Arts and Culture

Street artist Peter Miles Bergman highlights unsanctioned use of Lakewood Gulch

Lakewood Gulch, a trickling tributary in west Denver that feeds into the South Platte River, was once a pretty good place to disappear. The area was overgrown and full of as much concrete as it was weeds; many people used it for what street artist Peter Miles Bergman calls "unsanctioned use:: day drinking, urban camping, walking dogs off-leash.

Thanks in part to a new light-rail line that will run alongside the gulch, the area has gotten a makeover. But Bergman has observed that new biking paths and beautiful vegetation haven't completely eradicated illegal-ish activity in the area.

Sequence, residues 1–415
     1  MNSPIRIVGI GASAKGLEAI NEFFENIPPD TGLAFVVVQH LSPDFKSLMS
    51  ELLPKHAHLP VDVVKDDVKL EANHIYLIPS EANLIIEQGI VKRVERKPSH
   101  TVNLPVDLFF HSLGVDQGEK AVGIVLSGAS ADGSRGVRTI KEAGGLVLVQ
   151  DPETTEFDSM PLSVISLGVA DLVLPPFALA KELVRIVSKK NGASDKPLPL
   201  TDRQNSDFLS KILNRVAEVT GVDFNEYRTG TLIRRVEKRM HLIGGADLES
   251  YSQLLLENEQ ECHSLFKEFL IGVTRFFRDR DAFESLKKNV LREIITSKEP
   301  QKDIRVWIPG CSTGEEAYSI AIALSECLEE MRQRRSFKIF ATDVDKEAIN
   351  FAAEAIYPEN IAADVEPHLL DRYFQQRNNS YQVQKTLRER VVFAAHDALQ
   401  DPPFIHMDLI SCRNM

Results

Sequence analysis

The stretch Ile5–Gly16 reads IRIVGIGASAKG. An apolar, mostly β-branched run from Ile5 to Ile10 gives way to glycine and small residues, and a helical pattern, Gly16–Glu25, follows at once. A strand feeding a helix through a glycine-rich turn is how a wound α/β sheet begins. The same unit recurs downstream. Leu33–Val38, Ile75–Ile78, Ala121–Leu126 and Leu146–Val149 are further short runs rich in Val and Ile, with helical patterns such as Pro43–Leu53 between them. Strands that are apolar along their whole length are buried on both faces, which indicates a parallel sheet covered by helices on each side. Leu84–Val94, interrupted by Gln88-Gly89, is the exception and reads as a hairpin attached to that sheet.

In order to "draw attention to unsanctioned use, facilitate it and be unsanctioned use at the same time," Bergman has resurrected a prank he first pulled in 2008 by installing fake trail markers designed to look like construction signs along a 3.3-mile route that follows the water from west Denver to Lakewood.

Read more about what Bergman calls the West Denver Urban Preserve and Trail in this post on the Latest Word.

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Melanie Asmar is a staff writer for Westword. She joined the paper in 2009 and has won awards for her stories about education, immigration and epic legal battles. Got a tip? She'd love to hear it.
Contact: Melanie Asmar